First, we need to form a hypothesis and then test that hypothesis against a real world data you acquired from playing the game. For example, you might guess maybe beating a level is determined by the number of moves you make on that level. When you make enough moves, you progress to the next level. All right, so you’ve got your own hypothesis in mind? Awesome. Now pause us and go test it out.

You’re back? Cool. How did it go? Was your hypothesis correct? You probably found that progressing through levels is actually determined by the player’s score. Now we need to dig a little deeper. We’re going to try to understand if there’s a purpose behind this system. The first thing we’re going to do is establish how many points does it take to complete the introductory levels? It’s time to collect some data ie. play some games. Pause this, go beat the first six stages, record your score, and come back. Go.

All done? Great. Now to those scores. I’m going to do something here you should never actually do and I’m going to round these numbers a bit to make the math easier for the show’s sake but you should never do that. Bad designer. No.

All right. On to the numbers. To beat level 1, it takes 500 points. To beat level 2, it takes 1,500 points. To beat level 3, it takes 3,000 points. Level 4 takes 5,500 points. Level 5, 8,800 points. Level 6, 13,200 points.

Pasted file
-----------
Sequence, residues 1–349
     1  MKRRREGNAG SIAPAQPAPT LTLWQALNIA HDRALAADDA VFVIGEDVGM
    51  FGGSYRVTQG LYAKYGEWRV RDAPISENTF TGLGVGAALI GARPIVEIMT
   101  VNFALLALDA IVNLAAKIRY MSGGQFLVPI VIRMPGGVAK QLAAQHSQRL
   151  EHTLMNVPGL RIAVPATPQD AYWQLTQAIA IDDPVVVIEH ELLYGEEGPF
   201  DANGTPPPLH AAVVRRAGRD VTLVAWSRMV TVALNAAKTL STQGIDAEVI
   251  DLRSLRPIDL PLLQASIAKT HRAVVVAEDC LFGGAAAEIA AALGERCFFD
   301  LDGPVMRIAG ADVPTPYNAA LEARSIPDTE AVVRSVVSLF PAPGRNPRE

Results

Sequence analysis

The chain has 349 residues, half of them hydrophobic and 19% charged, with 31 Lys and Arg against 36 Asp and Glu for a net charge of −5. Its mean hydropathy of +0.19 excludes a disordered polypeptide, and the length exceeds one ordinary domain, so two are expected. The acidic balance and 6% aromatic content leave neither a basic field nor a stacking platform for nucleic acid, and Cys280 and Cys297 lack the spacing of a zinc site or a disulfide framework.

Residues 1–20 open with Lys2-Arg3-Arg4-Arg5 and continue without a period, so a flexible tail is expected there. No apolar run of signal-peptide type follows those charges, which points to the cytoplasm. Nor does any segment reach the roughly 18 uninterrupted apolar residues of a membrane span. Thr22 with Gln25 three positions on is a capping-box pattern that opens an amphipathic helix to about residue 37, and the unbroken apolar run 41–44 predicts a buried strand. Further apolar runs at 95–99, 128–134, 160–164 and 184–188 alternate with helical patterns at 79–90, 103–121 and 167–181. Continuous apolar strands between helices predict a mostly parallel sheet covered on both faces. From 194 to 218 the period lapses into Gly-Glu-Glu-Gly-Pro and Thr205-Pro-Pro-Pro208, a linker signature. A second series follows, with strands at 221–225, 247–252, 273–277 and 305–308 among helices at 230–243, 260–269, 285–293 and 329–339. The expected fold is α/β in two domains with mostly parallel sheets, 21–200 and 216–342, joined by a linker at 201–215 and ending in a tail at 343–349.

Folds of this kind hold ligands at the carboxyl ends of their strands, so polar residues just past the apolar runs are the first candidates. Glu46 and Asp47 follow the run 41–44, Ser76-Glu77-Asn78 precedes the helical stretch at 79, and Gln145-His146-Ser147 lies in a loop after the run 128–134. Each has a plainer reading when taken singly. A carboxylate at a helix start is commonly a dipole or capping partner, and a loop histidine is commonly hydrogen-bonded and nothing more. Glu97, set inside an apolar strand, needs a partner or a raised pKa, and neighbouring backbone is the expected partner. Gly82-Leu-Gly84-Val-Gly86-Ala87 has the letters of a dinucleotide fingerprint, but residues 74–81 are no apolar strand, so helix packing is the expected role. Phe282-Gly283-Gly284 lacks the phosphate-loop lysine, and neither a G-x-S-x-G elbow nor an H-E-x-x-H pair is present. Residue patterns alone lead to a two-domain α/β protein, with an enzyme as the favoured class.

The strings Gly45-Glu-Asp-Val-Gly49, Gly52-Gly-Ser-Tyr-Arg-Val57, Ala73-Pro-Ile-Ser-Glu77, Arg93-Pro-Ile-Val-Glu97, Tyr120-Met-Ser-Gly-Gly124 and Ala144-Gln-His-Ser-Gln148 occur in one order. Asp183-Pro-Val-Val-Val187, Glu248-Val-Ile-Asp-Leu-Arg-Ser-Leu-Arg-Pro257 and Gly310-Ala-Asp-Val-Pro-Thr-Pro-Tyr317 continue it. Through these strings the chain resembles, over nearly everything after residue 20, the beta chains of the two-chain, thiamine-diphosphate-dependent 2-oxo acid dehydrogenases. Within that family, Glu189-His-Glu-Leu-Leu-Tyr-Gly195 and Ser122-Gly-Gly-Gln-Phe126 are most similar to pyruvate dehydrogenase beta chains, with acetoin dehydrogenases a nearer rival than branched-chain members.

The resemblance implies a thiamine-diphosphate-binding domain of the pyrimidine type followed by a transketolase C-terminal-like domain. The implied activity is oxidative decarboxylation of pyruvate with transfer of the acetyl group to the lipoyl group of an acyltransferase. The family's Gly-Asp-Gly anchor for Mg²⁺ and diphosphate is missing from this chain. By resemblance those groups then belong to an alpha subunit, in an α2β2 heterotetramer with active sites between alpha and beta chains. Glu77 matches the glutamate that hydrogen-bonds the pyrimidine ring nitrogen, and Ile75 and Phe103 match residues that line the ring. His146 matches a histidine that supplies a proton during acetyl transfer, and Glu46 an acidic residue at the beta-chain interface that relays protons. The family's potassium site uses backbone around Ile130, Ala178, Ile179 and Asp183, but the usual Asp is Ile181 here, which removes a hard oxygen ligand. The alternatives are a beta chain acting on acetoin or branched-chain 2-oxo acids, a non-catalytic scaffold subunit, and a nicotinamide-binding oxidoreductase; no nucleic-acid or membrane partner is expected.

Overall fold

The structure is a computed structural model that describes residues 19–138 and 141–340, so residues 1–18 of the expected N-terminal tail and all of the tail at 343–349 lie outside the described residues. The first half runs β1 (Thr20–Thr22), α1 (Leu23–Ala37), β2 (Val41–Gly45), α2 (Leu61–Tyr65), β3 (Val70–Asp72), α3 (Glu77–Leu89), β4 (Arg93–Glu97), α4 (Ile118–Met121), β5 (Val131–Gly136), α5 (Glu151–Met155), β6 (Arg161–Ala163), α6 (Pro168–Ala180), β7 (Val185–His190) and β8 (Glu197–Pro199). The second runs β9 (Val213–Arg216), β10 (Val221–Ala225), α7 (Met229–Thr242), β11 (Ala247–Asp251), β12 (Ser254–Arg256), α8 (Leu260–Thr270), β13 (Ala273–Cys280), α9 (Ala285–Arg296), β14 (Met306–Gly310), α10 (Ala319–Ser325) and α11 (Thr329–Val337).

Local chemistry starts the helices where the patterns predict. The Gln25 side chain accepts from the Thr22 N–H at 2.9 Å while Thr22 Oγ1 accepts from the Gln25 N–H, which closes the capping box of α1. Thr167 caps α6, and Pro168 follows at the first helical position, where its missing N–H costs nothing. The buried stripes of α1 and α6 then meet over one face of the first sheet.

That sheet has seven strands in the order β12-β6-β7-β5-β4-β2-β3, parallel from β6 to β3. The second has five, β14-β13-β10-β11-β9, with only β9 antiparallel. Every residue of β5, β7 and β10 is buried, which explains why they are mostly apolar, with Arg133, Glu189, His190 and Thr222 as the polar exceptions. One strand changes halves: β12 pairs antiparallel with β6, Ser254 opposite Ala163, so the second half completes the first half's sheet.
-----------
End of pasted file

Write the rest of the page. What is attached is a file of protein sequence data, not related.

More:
A designer should always be thinking about how the player experiences the game. How does the player experience those numbers? What would we have to do to our current data set to make it more accurately represent the player’s experience? Well the player rarely starts at level 1 thinking, “Oh man, only 13,200 more points till I reach level 7.” No, no, no, no. They spend much more of their time thinking how long until I beat this stage. Were going to have to take the difference between each level value to see how long it takes to get from one level to the next, much more useful than simply looking at raw point values required to get to a given level. Pause, do the math, and come on back.

You got it? Here’s how the numbers should break down. It takes 500 points from level 1 to level 2. It take a thousand points to get from level 2 to level 3; 1,500 points to go from level 3 to level 4; then 2,500 points from 4 to 5; 3,300 points from level 5 to level 6; and to get from level 6 to level 7 takes 4,400 points.